17. 17. Collaborative Filtering (II) Collaborative Filtering (CF) techniques can be classified in: Model-based methods: learn a predictive model from the user-item ratings. ◦ Matrix factorisation (e.g., SVD) Neighbourhood-based (or memory-based) methods: compute recommendations using directly part of the ratings. ◦ k-NN approaches 9/28
  18. 18. PRF METHODS FOR CF
  19. 19. PRF for CF PRF CF User’s query User’s profile mostˆ1,populatedˆ2,stateˆ2 Titanicˆ2,Avatarˆ3,Matrixˆ5 Documents Neighbours Terms Items 11/28
  20. 20. Previous Work on Adapting PRF Methods to CF Relevance-Based Language Models Originally devised for PRF (Lavrenko & Croft, SIGIR 2001). Adapted to CF (Parapar et al., Inf. Process. Manage. 2013). Two models: RM1 and RM2. High precision figures in recommendation. 12/28
  21. 21. Previous Work on Adapting PRF Methods to CF Relevance-Based Language Models Originally devised for PRF (Lavrenko & Croft, SIGIR 2001). Adapted to CF (Parapar et al., Inf. Process. Manage. 2013). Two models: RM1 and RM2. High precision figures in recommendation. ... but high computational cost! RM1 : p(i|Ru) ∝ v∈Vu p(v) p(i|v) j∈Iu p(j|v) RM2 : p(i|Ru) ∝ p(i) j∈Iu v∈Vu p(i|v) p(v) p(i) p(j|v) 12/28
  22. 22. Our Proposals based on Rocchio’s Framework Rocchio’s Weights pRocchio(i|u) v∈Vu rv,i |Vu| Robertson Selection Value g pRSV(i|u) v∈Vu rv,i |Vu| p(i|Vu) CHI-2 g pCHI−2(i|u) p(i|Vu) − p(i|C) 2 p(i|C) Kullback–Leibler Divergence pKLD(i|u) p(i|Vu) log p(i|Vu) p(i|C) 13/28
  23. 23. Our Proposals based on Rocchio’s Framework Rocchio’s Weights pRocchio(i|u) v∈Vu rv,i |Vu| Robertson Selection Value g pRSV(i|u) v∈Vu rv,i |Vu| p(i|Vu) CHI-2 g pCHI−2(i|u) p(i|Vu) − p(i|C) 2 p(i|C) Kullback–Leibler Divergence pKLD(i|u) p(i|Vu) log p(i|Vu) p(i|C) 13/28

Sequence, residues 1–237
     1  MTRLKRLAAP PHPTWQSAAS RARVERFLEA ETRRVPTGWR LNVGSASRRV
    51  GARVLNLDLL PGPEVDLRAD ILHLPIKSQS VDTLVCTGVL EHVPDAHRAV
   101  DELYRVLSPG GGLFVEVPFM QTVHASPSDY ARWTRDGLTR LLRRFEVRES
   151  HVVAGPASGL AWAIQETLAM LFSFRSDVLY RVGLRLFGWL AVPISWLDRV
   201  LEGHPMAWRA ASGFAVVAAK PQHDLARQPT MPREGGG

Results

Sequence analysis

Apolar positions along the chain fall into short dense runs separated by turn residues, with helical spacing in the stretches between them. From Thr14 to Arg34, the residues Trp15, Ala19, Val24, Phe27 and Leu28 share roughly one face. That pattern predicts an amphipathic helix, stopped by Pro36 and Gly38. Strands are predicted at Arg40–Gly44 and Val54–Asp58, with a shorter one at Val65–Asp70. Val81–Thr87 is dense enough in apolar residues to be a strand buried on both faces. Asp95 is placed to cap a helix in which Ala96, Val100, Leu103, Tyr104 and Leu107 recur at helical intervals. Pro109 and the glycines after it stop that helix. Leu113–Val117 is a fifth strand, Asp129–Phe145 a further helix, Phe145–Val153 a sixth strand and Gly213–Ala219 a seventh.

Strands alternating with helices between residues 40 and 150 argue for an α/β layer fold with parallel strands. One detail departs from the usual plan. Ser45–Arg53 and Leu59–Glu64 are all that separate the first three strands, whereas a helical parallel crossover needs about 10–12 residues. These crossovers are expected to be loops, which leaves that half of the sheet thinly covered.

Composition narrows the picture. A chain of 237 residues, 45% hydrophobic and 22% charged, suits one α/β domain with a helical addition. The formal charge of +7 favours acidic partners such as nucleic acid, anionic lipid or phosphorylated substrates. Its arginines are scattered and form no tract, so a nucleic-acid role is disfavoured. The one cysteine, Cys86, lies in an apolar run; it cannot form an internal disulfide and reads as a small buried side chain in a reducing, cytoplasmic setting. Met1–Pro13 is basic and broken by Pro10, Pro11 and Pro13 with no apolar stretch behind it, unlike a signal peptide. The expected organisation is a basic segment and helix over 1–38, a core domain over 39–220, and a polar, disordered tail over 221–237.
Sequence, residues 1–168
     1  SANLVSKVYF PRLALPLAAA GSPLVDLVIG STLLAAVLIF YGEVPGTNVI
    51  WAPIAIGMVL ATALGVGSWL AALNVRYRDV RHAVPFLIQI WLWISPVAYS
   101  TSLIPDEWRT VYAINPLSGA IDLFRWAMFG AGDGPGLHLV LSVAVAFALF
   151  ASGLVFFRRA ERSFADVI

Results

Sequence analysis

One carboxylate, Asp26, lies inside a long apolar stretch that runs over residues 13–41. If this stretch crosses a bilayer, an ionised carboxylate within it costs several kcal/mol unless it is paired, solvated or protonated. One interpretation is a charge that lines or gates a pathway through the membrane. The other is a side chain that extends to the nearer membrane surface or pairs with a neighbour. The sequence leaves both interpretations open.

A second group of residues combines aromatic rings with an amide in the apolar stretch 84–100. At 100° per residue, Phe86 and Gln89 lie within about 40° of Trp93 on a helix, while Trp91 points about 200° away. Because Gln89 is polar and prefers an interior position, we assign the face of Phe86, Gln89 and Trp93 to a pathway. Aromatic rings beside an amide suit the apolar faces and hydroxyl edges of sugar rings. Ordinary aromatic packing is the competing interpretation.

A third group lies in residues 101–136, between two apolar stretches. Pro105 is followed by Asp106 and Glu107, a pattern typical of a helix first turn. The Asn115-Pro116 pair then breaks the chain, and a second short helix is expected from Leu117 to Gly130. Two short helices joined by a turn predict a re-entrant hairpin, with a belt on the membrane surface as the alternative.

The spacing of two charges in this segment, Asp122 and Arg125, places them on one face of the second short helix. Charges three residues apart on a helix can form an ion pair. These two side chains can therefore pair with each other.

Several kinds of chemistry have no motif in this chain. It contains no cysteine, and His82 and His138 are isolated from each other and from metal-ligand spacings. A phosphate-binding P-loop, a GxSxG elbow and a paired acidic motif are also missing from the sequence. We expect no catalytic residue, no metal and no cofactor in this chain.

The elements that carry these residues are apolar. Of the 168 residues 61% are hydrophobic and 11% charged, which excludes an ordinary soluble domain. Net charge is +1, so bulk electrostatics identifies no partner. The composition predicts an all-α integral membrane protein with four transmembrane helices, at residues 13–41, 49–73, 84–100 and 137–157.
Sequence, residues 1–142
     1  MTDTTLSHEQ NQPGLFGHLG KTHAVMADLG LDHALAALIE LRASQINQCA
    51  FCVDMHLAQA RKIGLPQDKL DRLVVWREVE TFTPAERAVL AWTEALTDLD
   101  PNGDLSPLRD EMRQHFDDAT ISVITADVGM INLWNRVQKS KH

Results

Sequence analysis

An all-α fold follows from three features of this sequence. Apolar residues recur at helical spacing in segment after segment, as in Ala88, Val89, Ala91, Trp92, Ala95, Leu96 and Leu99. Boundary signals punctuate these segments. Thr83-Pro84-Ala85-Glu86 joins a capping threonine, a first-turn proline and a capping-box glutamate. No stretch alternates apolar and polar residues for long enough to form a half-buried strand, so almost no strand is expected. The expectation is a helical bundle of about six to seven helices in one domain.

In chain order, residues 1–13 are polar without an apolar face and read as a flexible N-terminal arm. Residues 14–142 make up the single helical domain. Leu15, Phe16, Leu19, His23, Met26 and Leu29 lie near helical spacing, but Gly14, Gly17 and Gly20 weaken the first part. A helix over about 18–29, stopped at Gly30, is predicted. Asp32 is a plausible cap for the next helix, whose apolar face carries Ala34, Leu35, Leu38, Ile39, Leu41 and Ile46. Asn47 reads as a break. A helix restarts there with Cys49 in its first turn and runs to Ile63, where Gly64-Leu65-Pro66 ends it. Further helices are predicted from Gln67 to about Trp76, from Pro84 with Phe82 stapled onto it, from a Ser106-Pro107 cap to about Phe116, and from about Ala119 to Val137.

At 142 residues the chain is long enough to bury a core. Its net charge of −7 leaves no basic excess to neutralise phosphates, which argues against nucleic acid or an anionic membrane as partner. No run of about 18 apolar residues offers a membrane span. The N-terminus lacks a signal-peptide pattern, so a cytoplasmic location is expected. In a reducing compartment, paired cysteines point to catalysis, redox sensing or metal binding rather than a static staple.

24. 24. Our Proposals based on Rocchio’s Framework Rocchio’s Weights pRocchio(i|u) v∈Vu rv,i |Vu| Robertson Selection Value g pRSV(i|u) v∈Vu rv,i |Vu| p(i|Vu) CHI-2 g pCHI−2(i|u) p(i|Vu) − p(i|C) 2 p(i|C) Kullback–Leibler Divergence pKLD(i|u) p(i|Vu) log p(i|Vu) p(i|C) 13/28
  25. 25. Probability Estimation Maximum Likelihood Estimate under a Multinomial Distribution over the ratings: pmle(i|Vu) v∈Vu rv,i v∈Vu , j∈I rv,j pmle(i|C) u∈U ru,i u∈U, j∈I ru,j 14/28
  26. 26. Neighbourhood Length Normalisation (I) Neighbourhoods are computed using clustering algorithms: Hard clustering: every user is in only one cluster. Clusters may have different sizes. Example: k-means. Soft clustering: each user has its own neighbours. When we set k to a high value, we may find different amounts of neighbours. Example: k-NN. 15/28
  27. 27. Neighbourhood Length Normalisation (I) Neighbourhoods are computed using clustering algorithms: Hard clustering: every user is in only one cluster. Clusters may have different sizes. Example: k-means. Soft clustering: each user has its own neighbours. When we set k to a high value, we may find different amounts of neighbours. Example: k-NN. Idea: consider the variability of the neighbourhood lengths: Big neighbourhoods is equivalent to a query with a lot of results: the collection model is closed to the target user. Small neighbourhoods implies that neighbours are highly specific: the collection is very different from the target user. 15/28
  28. 28. Neighbourhood Length Normalisation (II) We bias the MLE to perform neighbourhood length normalisation: pnmle(i|Vu) rank 1 |Vu| v∈Vu rv,i v∈Vu , j∈I rv,j pnmle(i|C) rank 1 |U| u∈U ru,i u∈U, j∈I ru,j 16/28